From her father's compound, struck by U.S. bombs exactly 25 years ago, Moammar Gadhafi's daughter sent a defiant message early Friday: Libya was not defeated by airstrikes then and won't be defeated now, she told a cheering crowd. The daughter, Aisha, pumped her right fist as she led the audience in late-night chants from the second-floor balcony of the badly damaged Bab Aziziyah compound, targeted by U.S. warplanes in 1986. "Leave our skies with your bombs," she said, referring to NATO airstrikes that had struck Tripoli just hours earlier.
TOKYO (AP) — The operator of Japan's tsunami-damaged nuclear plant said Friday it would pay an initial $12,000 for each household forced to evacuate because of leaking radiation — a handout some of the displaced slammed as too little. Tens of thousands of residents unable to return to their homes near the nuclear plant are bereft of their livelihoods and possessions, unsure of when, if ever, they will be able to return home. Some have traveled hundreds of kilometers (miles) to Tokyo Electric Power Co.'s headquarters in Tokyo to press their demands for compensation.
TUSHKA, Okla. (AP) — A powerful storm system produced a tornado that killed two people in southeastern Oklahoma and three more in Arkansas before moving into the Deep South early Friday. The system produced a large tornado that cut through the tiny southeastern Oklahoma town of Tushka late Thursday, killing at least two people and injuring dozens more as it tore up roofs, shattered windows and tossed power lines and trees. Two people were killed in western Arkansas early Friday when a tree fell on a house, and a man died in central Arkansas when a tree was blown onto his recreational vehicle.
WASHINGTON (AP) — A bold but politically risky plan to cut billions of dollars from the federal budget is coming to a House vote, with insurgent Republicans rallying behind the idea of fundamentally reshaping the government's role in health care for the elderly and the poor. The GOP plan, expected to be voted on Friday, promises more than $6 billion in spending cuts from the budget that President Barack Obama offered in February, relying on stiff cuts to domestic agency accounts, food stamps and the Medicaid health care program for the poor and disabled.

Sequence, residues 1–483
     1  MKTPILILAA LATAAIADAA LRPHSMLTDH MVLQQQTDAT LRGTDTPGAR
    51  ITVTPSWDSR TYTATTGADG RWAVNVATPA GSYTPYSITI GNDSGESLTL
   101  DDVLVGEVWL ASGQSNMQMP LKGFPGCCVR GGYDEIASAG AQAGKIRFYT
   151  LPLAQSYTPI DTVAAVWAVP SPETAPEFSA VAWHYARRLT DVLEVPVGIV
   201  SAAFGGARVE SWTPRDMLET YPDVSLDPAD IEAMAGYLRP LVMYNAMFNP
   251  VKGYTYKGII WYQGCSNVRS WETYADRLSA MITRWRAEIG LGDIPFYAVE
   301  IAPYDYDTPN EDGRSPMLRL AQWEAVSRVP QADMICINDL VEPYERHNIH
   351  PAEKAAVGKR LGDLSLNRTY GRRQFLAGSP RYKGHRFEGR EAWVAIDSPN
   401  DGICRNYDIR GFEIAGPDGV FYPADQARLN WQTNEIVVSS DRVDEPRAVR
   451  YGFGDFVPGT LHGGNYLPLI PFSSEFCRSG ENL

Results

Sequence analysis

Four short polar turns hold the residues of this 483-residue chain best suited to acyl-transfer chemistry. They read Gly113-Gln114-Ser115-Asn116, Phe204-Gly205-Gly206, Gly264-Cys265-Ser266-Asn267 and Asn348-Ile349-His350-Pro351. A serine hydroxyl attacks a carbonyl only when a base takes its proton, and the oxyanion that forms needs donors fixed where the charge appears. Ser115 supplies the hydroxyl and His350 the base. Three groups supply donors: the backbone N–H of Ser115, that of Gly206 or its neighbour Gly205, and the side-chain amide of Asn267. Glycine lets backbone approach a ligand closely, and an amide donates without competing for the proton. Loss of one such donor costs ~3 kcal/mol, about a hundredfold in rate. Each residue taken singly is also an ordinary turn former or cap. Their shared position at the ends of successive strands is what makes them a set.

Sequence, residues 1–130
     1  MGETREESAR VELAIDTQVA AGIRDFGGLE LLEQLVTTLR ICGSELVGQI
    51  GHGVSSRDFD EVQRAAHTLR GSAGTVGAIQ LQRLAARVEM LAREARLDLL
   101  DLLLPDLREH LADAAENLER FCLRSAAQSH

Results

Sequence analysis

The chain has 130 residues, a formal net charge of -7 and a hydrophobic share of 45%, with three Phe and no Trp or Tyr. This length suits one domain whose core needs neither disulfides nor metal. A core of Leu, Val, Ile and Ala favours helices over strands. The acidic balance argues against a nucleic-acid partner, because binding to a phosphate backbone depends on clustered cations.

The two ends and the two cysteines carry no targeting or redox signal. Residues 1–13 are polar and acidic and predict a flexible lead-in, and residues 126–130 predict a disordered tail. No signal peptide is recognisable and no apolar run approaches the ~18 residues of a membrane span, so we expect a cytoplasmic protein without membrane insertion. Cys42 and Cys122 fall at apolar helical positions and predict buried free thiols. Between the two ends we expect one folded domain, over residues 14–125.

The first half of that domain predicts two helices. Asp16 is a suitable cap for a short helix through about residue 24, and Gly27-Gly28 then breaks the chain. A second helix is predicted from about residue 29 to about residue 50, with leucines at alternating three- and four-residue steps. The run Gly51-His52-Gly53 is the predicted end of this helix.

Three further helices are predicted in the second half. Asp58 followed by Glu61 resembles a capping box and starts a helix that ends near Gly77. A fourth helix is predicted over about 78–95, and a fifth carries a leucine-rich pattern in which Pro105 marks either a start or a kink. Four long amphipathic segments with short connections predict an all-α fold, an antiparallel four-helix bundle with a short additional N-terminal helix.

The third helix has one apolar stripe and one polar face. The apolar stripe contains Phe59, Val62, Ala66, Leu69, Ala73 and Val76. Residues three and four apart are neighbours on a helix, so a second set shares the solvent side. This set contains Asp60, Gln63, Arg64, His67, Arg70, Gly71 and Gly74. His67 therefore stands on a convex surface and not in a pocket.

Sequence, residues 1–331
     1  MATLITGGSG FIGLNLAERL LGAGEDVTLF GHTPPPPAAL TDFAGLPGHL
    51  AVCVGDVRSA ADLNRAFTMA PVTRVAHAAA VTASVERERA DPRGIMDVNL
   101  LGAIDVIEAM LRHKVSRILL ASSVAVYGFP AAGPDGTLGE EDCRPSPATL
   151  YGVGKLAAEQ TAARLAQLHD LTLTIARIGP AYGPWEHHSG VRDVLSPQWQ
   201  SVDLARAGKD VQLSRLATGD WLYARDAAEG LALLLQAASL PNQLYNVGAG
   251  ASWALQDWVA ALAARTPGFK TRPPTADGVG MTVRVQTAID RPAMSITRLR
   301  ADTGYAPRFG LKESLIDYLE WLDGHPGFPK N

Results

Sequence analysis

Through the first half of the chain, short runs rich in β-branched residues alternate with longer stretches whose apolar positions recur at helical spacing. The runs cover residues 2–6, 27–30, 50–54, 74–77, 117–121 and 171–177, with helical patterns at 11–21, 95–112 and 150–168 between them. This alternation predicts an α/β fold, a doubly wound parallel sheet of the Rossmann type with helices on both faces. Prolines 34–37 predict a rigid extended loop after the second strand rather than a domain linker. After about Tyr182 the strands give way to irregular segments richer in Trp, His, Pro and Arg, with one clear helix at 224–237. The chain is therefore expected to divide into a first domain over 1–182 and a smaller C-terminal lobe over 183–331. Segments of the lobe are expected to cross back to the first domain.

BEIRUT (AP) — Activists and witnesses says thousands of people are demonstrating in several Syrian cities. The witnesses say about 10,000 people were chanting "freedom, freedom" Friday in the southern city of Daraa, which has become the epicenter of the protest movement.
THE HAGUE, Netherlands (AP) — A commander hailed by Croats as a hero of the Balkan conflict was convicted of war crimes by a U.N. court Friday and sentenced to 24 years in prison for a campaign of shelling, shootings and expulsions aimed at driving Serbs out of a Croatian border region in 1995. The conviction of Gen. Ante Gotovina was a blow to the Croatian view of its wartime generals as national heroes who reclaimed Croatian land from a more powerful Serb force.
WASHINGTON (AP) — The best solution to the problem of sleepy air traffic controllers is more sleeping on the job, scientists say. But that would be a radical change for the Federal Aviation Administration. Current regulations forbid sleeping at work, even during breaks. Controllers who are caught can be suspended or fired.
BOSTON (AP) — It's a tricky time of courtship. As the tea party turns 2, the still-gelling field of Republican presidential contenders is the first class of White House hopefuls to try to figure out how to tap the movement's energy without alienating voters elsewhere on the political spectrum.
NEWARK, N.J. (AP) — The package surprised even veteran law enforcement officials used to seeing all kinds of contraband smuggled into prisons: It was a child's coloring book, dedicated "to daddy" and mailed to a New Jersey inmate, with crayon-colored scribbling made from a paste containing drugs. The discovery of the book last month prompted the Cape May County sheriff to warn others in law enforcement that smuggling techniques were reaching new levels.
MINNEAPOLIS (AP) — After more than a month off, the NFL and its locked-out players have starting talking again about how to resolve their differences and ensure there is pro football played this fall. The only sign of progress or productivity, though, was the nine hours or so both sides spent in the federal courthouse on Thursday.